The UAE’s private services industry needs a lifeline - no doubt about it.
Historically, two of the biggest concerns of the services industry have been rental and staff costs. While the issue of rent is something that will eventually find a middle ground through continuous dialogue between the lessor and lessee, resolving staff costs is the need of the hour considering the impact of COVID-19 on the sector.
If anything, the pandemic has only exposed this Achilles’ heel on a larger scale, while at the same time bringing back the focus on a possible solution - temporary agency employment (TAE).
Let’s start with F&B
To understand the idea behind TAE better, let us take the case of the UAE’s F&B sector. Most standalone restaurants in the UAE witness peak customer rush coinciding with the weekend - from Thursday evening to Sunday.
To meet demand on these days, they are forced to employ staff on a full-time basis. What if F&B outlets are able to maintain a lean staff on their payroll and hire additional staff from a centralized pool of specialized labor, as and when required?
In short, have the flexibility to hire from a system that recycles trained human resources on demand, without adding to an establishment’s overheads.
For the private services industry in the UAE, which runs on low margins and staggered demand patterns, extrapolating this model will give breathing space to almost every sub-sector within it. All the while giving workers the freedom to choose their working patterns and explore other avenues of life.
Regulations can set the pace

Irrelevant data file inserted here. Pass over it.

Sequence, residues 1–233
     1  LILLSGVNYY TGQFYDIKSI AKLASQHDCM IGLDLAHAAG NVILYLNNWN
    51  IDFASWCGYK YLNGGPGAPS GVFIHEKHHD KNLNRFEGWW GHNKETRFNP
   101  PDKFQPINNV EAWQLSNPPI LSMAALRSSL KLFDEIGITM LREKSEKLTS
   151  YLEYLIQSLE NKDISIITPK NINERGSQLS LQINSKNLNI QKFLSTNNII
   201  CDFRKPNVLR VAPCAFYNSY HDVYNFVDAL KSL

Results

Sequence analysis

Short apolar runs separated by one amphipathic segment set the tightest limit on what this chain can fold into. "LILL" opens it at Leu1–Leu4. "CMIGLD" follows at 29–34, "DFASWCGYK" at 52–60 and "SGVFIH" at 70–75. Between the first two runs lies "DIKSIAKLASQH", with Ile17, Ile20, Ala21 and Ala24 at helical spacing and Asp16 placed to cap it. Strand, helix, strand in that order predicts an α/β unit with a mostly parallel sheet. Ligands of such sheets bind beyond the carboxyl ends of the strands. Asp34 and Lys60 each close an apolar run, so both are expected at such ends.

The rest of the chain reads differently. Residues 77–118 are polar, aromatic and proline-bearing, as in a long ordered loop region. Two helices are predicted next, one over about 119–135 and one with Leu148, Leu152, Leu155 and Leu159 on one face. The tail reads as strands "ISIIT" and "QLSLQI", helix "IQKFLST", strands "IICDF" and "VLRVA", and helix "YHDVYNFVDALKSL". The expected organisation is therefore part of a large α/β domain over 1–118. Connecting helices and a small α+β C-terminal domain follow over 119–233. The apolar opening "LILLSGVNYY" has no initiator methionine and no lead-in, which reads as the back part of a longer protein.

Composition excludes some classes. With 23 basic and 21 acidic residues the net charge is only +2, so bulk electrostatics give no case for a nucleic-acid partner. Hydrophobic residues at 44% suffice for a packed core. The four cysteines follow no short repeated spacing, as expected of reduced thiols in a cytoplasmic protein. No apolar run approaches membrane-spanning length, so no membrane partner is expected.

Although new to this part of the world, TAE has been around for a long time in more mature economies where it finds value as an alternative employment model. Its effective implementation in the UAE requires the government to act as the central node of the ecosystem.
From thereon, the synergy between i) designated employment agencies, ii) the private services sector, and iii) the resource pool will carry the model forward. Here’s how it can be done:
• Employment agencies that can match applications, absorb workers, and make them available to a third-party against relevant labor contracts should function within the government’s purview for transparency and swift execution. These contracts should outline the shared liabilities and legal obligations of each party involved.
The ultimate aim of “organized temping” after all should be to promote decent work in the UAE while also providing security to the workers, many of whom are likely to be expats, in matters such as health, employment conditions, life insurance, social protection and flexible residence visas.
• The private service organizations on their part should put in place processes with a short learning curve and a safe working environment, to accommodate a rotating workforce for effective operability.
• The resource pool should be mature enough to handle exacting work, constantly honing their skills to give their best to the industry. What is seen as the gig workforce can then very well be substituted by an organized network of temp workers who take their work seriously without compromising on family and personal interests.
When these three elements of the ecosystem align perfectly, organizations get to plan revenue flows better by freeing up complex overhead costs, and workers get the benefit of setting their own idea of work-life balance.
As a country known for embracing innovative HR practices in recent years, the UAE should explore the viability of this employment model in helping the private services industry recover, for a renewed normal.
- Adeeb Ahamed is the Managing Director of LuLu Financial Group, Tablez and Twenty14 Holdings.